Post offices are THE. WORST. USPS.com now lets you do some tasks like printing Priority-Mail-and-faster shipping labels and buying stamps, but tasks like shipping parcel post or sending a certified letter still have to be done at the post office, unless you have a paid Stamps.com membership (but that product is primarily aimed at businesses and starts at $15.99 a month). So I’d love to see Amazon take a hint from eBay, team up with USPS (they’re already kinda cozy thanks to that awesome delivery-on-Sundays deal) and start letting users handle all mailing tasks through its website. Give Prime members some free postage and send them printable sticky labels.

Give me streaming sports

We don’t have cable, so my husband subscribes to streaming packages from NHL and MLB. Amazon should work with the major sports leagues to offer streaming sports to Prime members (or offer a sports package to Prime members for an additional cost). There will likely be geographic restrictions preventing people from watching their local teams, but those restrictions are already in place for the streaming packages anyway. (A variation on this theme: Amazon could just buy the streaming rights to big games, as Peter Kafka has suggested.)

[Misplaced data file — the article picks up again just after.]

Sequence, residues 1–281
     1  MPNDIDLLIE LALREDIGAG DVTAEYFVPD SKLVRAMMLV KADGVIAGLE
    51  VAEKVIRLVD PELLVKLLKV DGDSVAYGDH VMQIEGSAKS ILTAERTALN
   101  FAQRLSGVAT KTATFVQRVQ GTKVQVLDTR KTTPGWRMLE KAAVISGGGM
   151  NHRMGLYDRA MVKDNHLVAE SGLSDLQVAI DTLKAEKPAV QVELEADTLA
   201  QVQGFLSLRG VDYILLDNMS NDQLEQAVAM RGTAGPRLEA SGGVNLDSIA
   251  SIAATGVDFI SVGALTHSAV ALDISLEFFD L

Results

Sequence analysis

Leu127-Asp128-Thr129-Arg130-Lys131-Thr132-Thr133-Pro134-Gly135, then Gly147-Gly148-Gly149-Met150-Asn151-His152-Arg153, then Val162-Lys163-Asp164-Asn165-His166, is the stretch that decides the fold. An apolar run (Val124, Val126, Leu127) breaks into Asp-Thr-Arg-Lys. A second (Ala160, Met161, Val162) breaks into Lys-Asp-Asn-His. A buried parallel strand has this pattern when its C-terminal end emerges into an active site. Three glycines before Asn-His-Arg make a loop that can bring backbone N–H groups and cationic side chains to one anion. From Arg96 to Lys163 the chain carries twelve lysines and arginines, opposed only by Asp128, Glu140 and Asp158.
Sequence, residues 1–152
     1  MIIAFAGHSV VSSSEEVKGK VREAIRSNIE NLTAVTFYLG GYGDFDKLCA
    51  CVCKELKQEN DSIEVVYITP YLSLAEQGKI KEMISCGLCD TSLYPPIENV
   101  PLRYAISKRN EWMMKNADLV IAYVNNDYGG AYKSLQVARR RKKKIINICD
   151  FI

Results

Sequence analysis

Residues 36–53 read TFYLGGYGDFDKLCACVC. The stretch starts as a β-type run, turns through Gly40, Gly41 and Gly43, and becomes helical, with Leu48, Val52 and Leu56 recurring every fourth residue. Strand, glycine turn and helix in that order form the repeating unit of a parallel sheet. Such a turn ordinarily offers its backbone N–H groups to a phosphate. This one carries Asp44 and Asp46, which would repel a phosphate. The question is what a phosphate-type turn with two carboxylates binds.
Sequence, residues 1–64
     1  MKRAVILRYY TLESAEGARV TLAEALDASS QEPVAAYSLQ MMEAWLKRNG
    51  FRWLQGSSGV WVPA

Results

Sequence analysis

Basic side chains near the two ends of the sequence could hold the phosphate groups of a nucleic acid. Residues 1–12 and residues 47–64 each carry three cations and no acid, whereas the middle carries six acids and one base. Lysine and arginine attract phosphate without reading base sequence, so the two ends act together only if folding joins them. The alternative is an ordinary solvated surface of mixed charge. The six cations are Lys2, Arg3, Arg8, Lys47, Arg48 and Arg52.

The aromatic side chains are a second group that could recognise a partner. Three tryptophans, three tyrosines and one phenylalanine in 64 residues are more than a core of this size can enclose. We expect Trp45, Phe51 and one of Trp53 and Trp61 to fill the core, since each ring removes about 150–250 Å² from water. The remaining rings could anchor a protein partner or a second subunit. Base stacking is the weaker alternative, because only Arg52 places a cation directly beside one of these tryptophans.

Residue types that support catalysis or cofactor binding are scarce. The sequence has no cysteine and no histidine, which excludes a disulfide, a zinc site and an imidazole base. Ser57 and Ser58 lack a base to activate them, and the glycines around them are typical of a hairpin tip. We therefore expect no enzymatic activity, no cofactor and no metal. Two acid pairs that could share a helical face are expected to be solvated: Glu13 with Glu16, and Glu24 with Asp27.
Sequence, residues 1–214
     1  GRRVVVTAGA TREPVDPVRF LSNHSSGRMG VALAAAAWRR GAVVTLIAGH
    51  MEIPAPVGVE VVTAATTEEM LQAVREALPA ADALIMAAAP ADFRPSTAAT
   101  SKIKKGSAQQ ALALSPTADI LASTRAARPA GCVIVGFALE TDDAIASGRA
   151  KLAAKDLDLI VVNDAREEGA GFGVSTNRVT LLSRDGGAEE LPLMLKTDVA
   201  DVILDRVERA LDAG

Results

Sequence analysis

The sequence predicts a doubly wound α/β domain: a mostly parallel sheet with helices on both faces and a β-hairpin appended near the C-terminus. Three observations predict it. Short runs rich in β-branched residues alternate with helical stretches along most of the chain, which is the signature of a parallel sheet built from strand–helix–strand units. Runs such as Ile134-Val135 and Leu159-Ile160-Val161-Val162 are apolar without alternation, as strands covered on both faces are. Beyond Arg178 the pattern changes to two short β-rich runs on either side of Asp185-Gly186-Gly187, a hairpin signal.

Partner with Costco, with Taskrabbit, with Craigslist…

This is a variation on the “reduce the schlep” theme from above. Partner with Costco (Walmart already owns Sam’s Club) and let verified Costco members place orders for non-perishable Costco products through Amazon at the same prices they’d find in Costco stores. (Yes, Costco allows online shopping but its interface is bad and the prices are higher than you’d find in-store.)

Costco

I want this stuff from Costco delivered to me.

Partner with Craigslist and Taskrabbit. Let people who are buying used stuff off Craigslist pay with a credit card through their Amazon account, then book a Taskrabbit through Amazon at the same time to pick the order up.

Be my personal shopper

Amazon will already send you reminders and automated gift ideas for people’s birthdays. Take it a step further and give it a more personal touch: Once I’ve entered everyone’s age, interests and home address, email me a couple weeks before their birthday with suggested gifts in three price ranges and a “Yes, send this” button right in the email. Do the same with flower delivery before Mother’s Day (should be easy enough since Amazon opened a flower shop last year).

Heap of presents isolated

Take a hint from companies like Stitch Fix and suggest clothing for me. Again, let me buy it straight from an email. An algorithm could suggest clothing based on my past purchases or Prime members could have the option of working with a real live personal shopper who suggests items for them. Returns are free (as they already are with most Amazon clothing purchases).

What would you like to see from Amazon Prime? Let me know in the comments.

Feature photo courtesy of Flickr / Nic Taylor Photography via Compfight

Camel photo courtesy of Flickr / Manoj Kengudelu via Compfight

Costco photo courtesy of Flickr / kenteegardin via Compfight